Multiple vulnerabilities have been discovered in Mozilla Firefox, Thunderbird, and SeaMonkey applications, which could allow remote code execution. Mozilla Firefox is a web browser used to access the Internet. Mozilla Thunderbird is an email client. Mozilla SeaMonkey is a cross platform Internet suite of tools ranging from a web browser to an email client.
Successful exploitation of these vulnerabilities could result in either an attacker gaining the same privileges as the logged on user, or gaining session authentication credentials. Depending on the privileges associated with the user, an attacker could install programs; view, change, or delete data; or create new accounts with full user rights.
- Firefox versions prior to 23.0
- Firefox Extended Support Release (ESR) versions prior to 17.0.8
- Thunderbird versions prior to 17.0.8
- Thunderbird Extended Support Release (ESR) versions prior to 17.0.8
- SeaMonkey versions prior to 2.20
Multiple vulnerabilities have been discovered in Mozilla Firefox, Thunderbird, and SeaMonkey. The details of these vulnerabilities are as follows:
An issue with Java applets where in some circumstances the applet could access files on the local system when loaded using the a file:///' URI and violate file origin policy due to interaction with the codebase parameter.
A specifically named DLL file on a Windows computer is placed in the default downloads directory with the Firefox installer, the Firefox installer will load this DLL file when it is launched.
A web worker can violate same-origin policy and bypass cross-origin checks through XMLHttpRequest. This could allow for cross-site scripting (XSS) attacks by web workers
The Mozilla Updater can be made to load a specially crafted DLL file from the local system. This DLL file can run in a privileged context through the Mozilla Maintenance Service's privileges, allowing for local privilege escalation. The DLL file can also run in an unprivileged context if the Mozilla Updater is run directly by a user in the same directory as the file. Local file system access is necessary in order for this issue to be exploitable.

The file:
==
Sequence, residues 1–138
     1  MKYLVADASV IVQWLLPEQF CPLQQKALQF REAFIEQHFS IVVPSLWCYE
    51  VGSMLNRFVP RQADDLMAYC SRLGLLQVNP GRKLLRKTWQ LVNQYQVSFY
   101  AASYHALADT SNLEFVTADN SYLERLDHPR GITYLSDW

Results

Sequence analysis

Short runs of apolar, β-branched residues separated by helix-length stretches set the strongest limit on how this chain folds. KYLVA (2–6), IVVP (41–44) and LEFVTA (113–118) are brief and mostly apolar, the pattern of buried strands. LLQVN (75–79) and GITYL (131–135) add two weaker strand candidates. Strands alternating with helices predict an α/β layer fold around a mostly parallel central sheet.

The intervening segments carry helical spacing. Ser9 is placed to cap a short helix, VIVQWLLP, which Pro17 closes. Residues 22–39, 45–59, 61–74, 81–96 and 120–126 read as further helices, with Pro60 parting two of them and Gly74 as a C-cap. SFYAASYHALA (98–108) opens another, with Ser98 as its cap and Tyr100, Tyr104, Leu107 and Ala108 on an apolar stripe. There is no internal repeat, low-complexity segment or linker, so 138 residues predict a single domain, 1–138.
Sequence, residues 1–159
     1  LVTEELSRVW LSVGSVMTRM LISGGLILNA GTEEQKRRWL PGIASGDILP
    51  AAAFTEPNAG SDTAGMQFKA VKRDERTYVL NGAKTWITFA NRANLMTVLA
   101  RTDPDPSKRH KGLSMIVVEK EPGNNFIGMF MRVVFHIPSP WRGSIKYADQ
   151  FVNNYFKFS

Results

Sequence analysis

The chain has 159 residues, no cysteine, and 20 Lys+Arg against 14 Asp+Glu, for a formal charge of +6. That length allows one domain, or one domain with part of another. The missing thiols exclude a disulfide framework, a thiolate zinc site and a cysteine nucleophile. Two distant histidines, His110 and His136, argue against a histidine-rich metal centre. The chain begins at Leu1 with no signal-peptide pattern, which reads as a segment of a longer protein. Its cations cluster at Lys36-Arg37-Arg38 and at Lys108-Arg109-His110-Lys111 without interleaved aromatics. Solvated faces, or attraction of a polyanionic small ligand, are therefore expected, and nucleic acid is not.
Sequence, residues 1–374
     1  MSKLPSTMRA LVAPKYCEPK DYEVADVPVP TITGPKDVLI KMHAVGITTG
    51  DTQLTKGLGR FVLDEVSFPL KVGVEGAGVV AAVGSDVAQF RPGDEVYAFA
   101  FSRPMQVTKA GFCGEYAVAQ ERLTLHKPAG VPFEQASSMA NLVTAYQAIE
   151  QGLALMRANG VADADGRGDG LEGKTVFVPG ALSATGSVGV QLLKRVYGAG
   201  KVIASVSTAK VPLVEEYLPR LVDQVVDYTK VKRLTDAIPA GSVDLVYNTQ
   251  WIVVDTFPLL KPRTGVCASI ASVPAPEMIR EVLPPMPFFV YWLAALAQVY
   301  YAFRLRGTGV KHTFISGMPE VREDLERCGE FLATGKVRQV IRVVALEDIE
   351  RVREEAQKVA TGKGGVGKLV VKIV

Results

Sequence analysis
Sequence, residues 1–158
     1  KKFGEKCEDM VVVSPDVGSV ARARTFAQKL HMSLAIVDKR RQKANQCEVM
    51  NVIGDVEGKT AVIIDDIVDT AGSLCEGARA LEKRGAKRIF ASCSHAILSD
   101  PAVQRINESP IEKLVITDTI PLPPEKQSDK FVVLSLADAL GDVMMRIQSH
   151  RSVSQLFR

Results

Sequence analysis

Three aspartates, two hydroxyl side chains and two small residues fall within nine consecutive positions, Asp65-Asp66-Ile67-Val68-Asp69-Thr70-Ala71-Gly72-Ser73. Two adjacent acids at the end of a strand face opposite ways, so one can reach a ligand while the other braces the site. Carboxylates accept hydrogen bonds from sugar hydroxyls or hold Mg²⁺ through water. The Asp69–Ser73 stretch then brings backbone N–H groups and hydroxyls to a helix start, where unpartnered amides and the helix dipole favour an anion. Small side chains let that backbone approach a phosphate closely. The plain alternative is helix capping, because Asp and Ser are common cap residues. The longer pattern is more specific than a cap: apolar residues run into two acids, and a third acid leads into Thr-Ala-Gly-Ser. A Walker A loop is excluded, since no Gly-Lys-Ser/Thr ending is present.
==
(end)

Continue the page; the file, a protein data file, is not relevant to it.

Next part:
XBL scopes can be be used to circumvent XrayWrappers from within the Chrome on unprivileged objects. This allows web content to potentially confuse privileged code and weaken invariants and can lead to cross-site scripting (XSS) attacks.
There is a mechanism that can execute arbitrary code or a cross-site scripting (XSS) attack when Certificate Request Message Format (CRMF) request is generated in certain circumstances.
Through an interaction of frames and browser history it was possible to make the browser believe attacker-supplied content came from the location of a previous page in browser history. This allows for cross-site scripting (XSS) attacks by loading scripts from a misrepresented specially crafted site through relative locations and the potential access of stored credentials of a spoofed site.
The Address Sanitizer tool can cause a crash during the decoding of WAV format audio files in some instances. This crash is not exploitable but could be used for a denial of service (DOS) attack.
There are stack buffer overflows in both the Maintenance Service and the Mozilla Updater when unexpectedly long paths were encountered. A local attacker could pass these as command-line arguments to the Maintenance Service to crash either program and potentially lead to arbitrary code being run with the Administrator privileges used by the Maintenance Service and inherited by the Updater.
There is a use-after-free problem when generating a Certificate Request Message Format (CRMF) request with certain parameters. This causes a potentially exploitable crash.
There is a use-after-free problem when the Document Object Model is modified during a SetBody mutation event. This causes a potentially exploitable crash.
There are several memory safety bugs in the browser engine used in Firefox and other Mozilla-based products. Some of these bugs showed evidence of memory corruption under certain circumstances, and we presume that with enough effort at least some of these could be exploited to run arbitrary code.
Successful exploitation of these vulnerabilities could result in either an attacker gaining the same privileges as the logged on user, or gaining session authentication credentials. Depending on the privileges associated with the user, an attacker could install programs; view, change, or delete data; or create new accounts with full user rights.'
- Upgrade vulnerable Mozilla products immediately after appropriate testing.
- Remind users not to visit un-trusted websites or follow links provided by unknown or un-trusted sources.
- Remind users not to open email attachments from unknown users or suspicious emails from trusted sources.
- Run all software as a non-privileged user (one without administrative privileges) to diminish the effects of a successful attack.